Lets just focus on the facts:
    1. Annual wildfire occurrence is increasing and it is almost entirely due to an increase in SUMMERTIME fire particularly in the Sierra Nevada and North Coast mountains. The kincade and Tubbs fires were in the Autumn.
    2. Electric utility infrastructure is aging dramatically and is poorly maintained. Power line rights of way are choked with trees and brush and have not been cleared in decades.
    3. High winds were caused by an unusually strong, very cold high pressure weather system in the Great Basin.
    4. The density of available fine fuels per acre to carry a fire has dramatically increased due to INCREASED rainfall from the prior near record setting winter and from 2016/17 record setting water year.
    5. It is 100% normal for fine fuels to become tinder dry every single year.
    6. It is normal to not have any significant rainfall from late May through late October.
    7. Dr Alley has a BS, MS and PHd degrees in Geology.
    8. Dr. Alley is not a meteorologist nor climatologist.
    9. Dr. Alley is not a wildfire or fuels expert.
    10. Dr. Alley did not participate in the research of or write the actual paper that is referenced (or actually it was not referenced – Bias by omission)

    The real leap of faith that exposes the author’s bias or naivety is from the use of the following statement from Dr. Alley: “Large autumn fires are also likely to become increasingly frequent with continued warming and possibly gradual declines in autumn precipitation.” Where are the facts to back up that statement? It is pure conjecture, Dr Alley subconsciously implies that by the use of the word “Likely”.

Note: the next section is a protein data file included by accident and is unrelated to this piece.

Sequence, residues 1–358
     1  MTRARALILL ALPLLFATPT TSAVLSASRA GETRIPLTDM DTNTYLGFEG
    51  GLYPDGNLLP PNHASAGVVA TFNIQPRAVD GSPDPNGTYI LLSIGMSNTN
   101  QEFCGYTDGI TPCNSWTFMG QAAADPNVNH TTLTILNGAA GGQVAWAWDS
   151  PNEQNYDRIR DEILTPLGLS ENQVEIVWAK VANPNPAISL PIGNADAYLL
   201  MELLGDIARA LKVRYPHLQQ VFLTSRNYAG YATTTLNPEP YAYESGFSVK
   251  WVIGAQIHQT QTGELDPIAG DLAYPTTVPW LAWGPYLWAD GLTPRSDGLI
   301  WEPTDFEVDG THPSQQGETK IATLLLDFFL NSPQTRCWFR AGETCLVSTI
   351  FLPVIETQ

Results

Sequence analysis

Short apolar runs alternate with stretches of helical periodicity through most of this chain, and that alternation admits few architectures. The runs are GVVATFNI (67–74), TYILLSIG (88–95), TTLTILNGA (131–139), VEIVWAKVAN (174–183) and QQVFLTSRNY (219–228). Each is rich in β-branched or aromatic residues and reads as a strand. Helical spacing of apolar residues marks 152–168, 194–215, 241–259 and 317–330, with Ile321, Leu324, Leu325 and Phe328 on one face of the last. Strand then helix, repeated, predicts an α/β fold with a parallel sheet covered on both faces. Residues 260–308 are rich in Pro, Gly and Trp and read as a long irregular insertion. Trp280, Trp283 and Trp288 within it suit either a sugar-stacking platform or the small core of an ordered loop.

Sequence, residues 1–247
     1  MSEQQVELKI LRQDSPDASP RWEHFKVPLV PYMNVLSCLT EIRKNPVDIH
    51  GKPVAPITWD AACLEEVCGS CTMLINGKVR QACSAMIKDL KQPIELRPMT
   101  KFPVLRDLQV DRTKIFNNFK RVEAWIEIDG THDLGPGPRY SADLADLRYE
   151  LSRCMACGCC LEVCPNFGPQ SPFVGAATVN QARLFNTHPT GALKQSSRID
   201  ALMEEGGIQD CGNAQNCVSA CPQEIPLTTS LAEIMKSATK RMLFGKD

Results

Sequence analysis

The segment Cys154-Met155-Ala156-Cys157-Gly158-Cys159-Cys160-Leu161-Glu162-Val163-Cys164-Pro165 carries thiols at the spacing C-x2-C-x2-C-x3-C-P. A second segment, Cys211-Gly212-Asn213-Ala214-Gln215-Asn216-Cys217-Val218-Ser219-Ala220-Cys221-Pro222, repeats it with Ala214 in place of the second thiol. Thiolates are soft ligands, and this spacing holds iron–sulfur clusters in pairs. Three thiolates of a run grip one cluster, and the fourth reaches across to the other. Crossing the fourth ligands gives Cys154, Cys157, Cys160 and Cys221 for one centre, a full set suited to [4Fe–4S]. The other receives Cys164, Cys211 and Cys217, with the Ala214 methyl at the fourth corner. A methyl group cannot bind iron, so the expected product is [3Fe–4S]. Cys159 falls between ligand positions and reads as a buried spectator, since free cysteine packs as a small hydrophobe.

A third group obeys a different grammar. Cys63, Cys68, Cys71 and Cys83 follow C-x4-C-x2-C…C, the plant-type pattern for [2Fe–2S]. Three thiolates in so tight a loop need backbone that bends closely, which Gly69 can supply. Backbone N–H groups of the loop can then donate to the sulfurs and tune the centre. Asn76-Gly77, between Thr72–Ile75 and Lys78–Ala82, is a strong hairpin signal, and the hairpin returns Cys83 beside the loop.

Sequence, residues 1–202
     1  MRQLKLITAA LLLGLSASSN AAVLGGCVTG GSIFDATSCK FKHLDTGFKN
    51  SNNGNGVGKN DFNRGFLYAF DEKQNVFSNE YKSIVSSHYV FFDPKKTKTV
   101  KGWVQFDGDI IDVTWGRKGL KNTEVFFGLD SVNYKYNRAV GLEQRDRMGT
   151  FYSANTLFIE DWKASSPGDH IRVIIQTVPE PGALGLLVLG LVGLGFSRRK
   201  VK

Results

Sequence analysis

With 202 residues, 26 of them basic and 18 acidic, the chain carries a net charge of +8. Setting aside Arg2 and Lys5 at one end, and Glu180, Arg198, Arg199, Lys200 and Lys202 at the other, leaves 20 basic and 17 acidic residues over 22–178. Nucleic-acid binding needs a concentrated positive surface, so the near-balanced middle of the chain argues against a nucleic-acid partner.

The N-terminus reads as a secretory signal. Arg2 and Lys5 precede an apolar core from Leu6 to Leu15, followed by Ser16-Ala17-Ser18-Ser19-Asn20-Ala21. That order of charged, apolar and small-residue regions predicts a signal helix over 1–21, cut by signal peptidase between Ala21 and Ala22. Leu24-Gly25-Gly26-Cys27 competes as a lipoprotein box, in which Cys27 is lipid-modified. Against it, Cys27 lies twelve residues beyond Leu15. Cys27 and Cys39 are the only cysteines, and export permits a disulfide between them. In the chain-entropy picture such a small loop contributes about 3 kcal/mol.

Lets again focus on facts:
    1. The actual research, peer reviewed journal article is titled “Observed Impacts of Anthropogenic Climate Change on Wildfire in California”
    2. Specifically states in section 3.2.2 “correlation between fall total burned area and climate is weak”.
    3. Specifically states in section 3.3.2 “The connection between fall wildfire and Anthropogenic climate change is less clear than in summer….Therefore, a change in the onset of the winter precipitation season or a change in the frequency or intensity of dry wind events in fall would likely affect fall wildfire activity.”
    4. The actual measured data “show no all‐region trend in onset of winter precipitation or October–November wet‐day frequency during 1915–2018” See fig 6.
    5. Section 3.3.2 goes further and states “There is no evidence thus far of changes in the frequency or intensity of dry wind events in fall.”

    “Large autumn fires are also likely to become increasingly frequent”….good grief what a bunch of junk science and deception!

    What makes me qualified to speak? I was the Fire Weather Program Manager for the western Great Basin interagency fire center. I have been a professional meteorologist for 30+ years with a BS degree in Meteorology and a MS in Environmental Engineering.

    “Large autumn fires are also likely to become increasingly frequent with continued warming and possibly gradual declines in autumn precipitation.”

    Did you see the bias? The researcher specifically emphasized that the growing trend was MAINLY DUE to an eightfold increase in SUMMERTIME forest fire area.